“I went out looking for love when I was 17
Maybe a little too young, but it was real to me
And in the heat of the night, saw things I’d never seen.”
While some might be shocked at the prospect of a 17-year-old young man having sex with someone much older, such discoveries are not exactly uncommon for modern gay culture. In 1999, Russel T. Davies’ original UK show Queer As Folk dealt with that very topic in its opening episode, with a young 15-year-old named Nathan (Charlie Hunnam) hooking up with a 29-year-old man-of-the-scene named Stuart (Aidan Gillen). The fervor over the scene during its debut came at a time when Parliament was considering lowering the age of consent, so such a depiction of gay culture, to many, was nothing short of shocking.
Bloom isn’t out to shock so much as it is to revel in what it means to grow up queer in the present age. It’s as playful as it can be complicated, as bitter as it is sweet. The album’s title track is an anthem for bottoming in the bedroom, and it’s just as flirtatious as it is committed (“I’ve been saving this for you, baby”). Sivan continues to use metaphors in his writing but doesn’t hide behind them in the way he did on Blue Neighborhood. On “Plum”, he notes how he knows he and his partner aren’t getting any younger, so are enjoying what they have for now (“Maybe our time has come / Maybe we’re overgrown / Even the sweetest plum / Has only got so long”).
Mixed with beats and drum patterns straight out of ’80s synthpop (think Bronski Beat but far moodier), Sivan’s melodies are so much stronger on Bloom, sometimes aiming for strobe light realness (as on his truly perfect lead single “My My My!”), and at times serving as a perfect soundtrack for bedroom dance parties (as on his Ariana Grande duet “Dance to This”). His verses are easily repeatable and not overly complicated, which, especially in comparison to Blue Neighborhood, shows how much better Sivan has gotten at editing himself melodically, aided by and large by the same team that helped put Blue together. Thematically, he finds himself addicted to a new relationship (the mid-tempo thumper “Lucky Strike”), recovering from the aftermath of his old one (the plaintive and effective acoustic ballad “The Good Side”), and can see through partners giving him false gestures and promises (“Postcard”). It’s a spectrum of experiences he presents to us, but they are all very considered and very specific.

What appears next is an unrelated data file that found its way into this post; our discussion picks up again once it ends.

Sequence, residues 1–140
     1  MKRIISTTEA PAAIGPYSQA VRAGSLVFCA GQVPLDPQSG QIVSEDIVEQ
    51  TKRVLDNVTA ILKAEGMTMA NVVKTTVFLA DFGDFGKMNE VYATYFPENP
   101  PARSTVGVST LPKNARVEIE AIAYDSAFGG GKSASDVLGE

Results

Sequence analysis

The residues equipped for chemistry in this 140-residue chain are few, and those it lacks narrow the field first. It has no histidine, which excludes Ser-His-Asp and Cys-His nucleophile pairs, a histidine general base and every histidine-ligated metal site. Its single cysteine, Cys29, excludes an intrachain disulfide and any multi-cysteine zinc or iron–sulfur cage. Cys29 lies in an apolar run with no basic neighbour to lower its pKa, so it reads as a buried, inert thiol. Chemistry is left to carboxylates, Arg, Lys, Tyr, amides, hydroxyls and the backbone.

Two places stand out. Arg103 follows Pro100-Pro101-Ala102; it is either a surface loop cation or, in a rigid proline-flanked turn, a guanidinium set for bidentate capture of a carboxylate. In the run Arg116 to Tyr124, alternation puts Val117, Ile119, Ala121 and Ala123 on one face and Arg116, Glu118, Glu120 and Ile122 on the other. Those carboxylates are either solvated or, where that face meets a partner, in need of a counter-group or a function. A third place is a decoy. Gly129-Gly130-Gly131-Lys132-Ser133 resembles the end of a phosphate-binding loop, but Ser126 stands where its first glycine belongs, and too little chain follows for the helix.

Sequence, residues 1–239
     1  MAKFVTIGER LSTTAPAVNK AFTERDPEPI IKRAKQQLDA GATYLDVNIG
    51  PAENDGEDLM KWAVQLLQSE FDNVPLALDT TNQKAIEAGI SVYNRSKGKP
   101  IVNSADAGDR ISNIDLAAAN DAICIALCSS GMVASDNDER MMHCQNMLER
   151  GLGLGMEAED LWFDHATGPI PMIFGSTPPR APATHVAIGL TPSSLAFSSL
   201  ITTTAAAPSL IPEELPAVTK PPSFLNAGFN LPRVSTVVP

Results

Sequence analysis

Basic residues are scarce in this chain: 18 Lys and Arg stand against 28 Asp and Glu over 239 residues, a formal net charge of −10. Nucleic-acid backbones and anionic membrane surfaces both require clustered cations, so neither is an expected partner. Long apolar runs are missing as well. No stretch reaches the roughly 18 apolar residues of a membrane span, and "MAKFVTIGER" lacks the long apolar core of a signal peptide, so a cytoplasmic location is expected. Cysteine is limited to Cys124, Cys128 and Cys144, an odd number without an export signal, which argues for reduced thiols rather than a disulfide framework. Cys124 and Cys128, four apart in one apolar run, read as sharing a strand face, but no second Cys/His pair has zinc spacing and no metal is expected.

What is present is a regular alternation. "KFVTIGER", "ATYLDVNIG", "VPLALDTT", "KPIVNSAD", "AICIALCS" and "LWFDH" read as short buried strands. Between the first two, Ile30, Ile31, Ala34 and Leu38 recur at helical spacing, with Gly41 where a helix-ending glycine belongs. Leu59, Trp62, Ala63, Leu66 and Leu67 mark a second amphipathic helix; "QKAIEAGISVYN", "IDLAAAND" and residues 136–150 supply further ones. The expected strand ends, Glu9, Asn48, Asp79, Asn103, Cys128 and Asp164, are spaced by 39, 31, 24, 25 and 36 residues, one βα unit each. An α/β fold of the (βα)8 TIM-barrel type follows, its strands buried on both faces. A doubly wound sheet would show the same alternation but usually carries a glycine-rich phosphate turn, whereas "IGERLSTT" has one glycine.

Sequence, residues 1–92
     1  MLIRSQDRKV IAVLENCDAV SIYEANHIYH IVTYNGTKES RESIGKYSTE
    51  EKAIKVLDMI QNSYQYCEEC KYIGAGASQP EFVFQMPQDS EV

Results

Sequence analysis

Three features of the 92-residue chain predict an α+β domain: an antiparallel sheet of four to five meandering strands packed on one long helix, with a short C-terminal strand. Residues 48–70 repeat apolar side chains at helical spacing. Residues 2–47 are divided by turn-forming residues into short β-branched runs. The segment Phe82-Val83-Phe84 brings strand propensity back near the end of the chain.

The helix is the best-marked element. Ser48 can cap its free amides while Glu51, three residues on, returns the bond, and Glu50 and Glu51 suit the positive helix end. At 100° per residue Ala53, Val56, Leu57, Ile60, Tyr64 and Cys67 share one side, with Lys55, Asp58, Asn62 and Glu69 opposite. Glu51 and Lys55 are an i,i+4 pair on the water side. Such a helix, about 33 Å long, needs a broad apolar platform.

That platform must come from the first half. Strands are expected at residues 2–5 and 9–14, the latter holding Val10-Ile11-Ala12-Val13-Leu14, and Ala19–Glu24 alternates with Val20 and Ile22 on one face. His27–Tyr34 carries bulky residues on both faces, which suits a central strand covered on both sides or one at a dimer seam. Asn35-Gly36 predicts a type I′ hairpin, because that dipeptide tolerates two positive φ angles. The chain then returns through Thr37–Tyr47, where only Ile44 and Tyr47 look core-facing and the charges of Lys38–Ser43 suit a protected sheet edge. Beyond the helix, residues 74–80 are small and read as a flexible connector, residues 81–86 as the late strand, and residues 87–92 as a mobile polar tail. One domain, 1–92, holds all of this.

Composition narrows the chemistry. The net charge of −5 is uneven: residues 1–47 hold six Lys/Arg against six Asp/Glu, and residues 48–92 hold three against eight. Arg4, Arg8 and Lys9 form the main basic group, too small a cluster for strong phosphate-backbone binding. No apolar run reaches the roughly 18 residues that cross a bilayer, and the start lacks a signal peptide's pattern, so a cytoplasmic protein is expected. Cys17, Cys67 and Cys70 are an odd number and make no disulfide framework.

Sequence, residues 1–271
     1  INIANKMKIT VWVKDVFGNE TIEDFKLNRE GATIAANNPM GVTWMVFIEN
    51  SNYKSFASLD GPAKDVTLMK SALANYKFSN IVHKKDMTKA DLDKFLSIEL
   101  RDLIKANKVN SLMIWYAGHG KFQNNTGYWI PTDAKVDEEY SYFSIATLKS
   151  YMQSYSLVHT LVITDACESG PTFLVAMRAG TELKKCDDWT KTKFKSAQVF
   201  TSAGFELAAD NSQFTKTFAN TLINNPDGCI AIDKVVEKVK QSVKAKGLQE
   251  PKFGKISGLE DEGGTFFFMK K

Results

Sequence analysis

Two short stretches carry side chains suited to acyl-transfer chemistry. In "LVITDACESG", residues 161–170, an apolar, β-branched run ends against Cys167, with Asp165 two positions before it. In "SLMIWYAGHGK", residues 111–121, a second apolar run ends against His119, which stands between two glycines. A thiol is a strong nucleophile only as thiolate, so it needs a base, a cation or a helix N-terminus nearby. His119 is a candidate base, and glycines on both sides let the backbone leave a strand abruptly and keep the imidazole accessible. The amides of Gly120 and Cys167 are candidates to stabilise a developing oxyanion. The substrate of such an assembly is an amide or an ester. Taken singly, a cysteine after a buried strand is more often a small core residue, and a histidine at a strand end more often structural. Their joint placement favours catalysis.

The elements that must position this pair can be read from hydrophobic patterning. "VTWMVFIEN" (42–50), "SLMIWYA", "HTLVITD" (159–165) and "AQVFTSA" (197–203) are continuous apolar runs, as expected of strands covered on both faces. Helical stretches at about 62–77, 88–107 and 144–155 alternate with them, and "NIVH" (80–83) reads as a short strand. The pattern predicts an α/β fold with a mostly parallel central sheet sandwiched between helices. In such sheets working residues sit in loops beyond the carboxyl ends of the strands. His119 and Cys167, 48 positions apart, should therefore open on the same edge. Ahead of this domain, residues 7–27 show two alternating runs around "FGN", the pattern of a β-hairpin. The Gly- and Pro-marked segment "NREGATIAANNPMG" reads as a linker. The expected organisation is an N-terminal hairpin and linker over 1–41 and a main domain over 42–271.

While tracks like “Animal” and “What a Heavenly Way to Die” are pleasing-if-passable — largely due to the fact that they lack that air of specificity that gives so many other of Bloom‘s songs their strength — Bloom remains a powerful, thoughtful, and engaging listen: an album about queer life that welcomes all listeners from all quadrants. It may not be the queer masterpiece that some were expecting, but in this day and age, Bloom proves that gay people need not rely on metaphors or “hints” to get their stories across and be accepted by the masses. It’s heartening to know that a queer artist can write about the queer experience and end up being a true-blue, qualifier-free pop star because of it.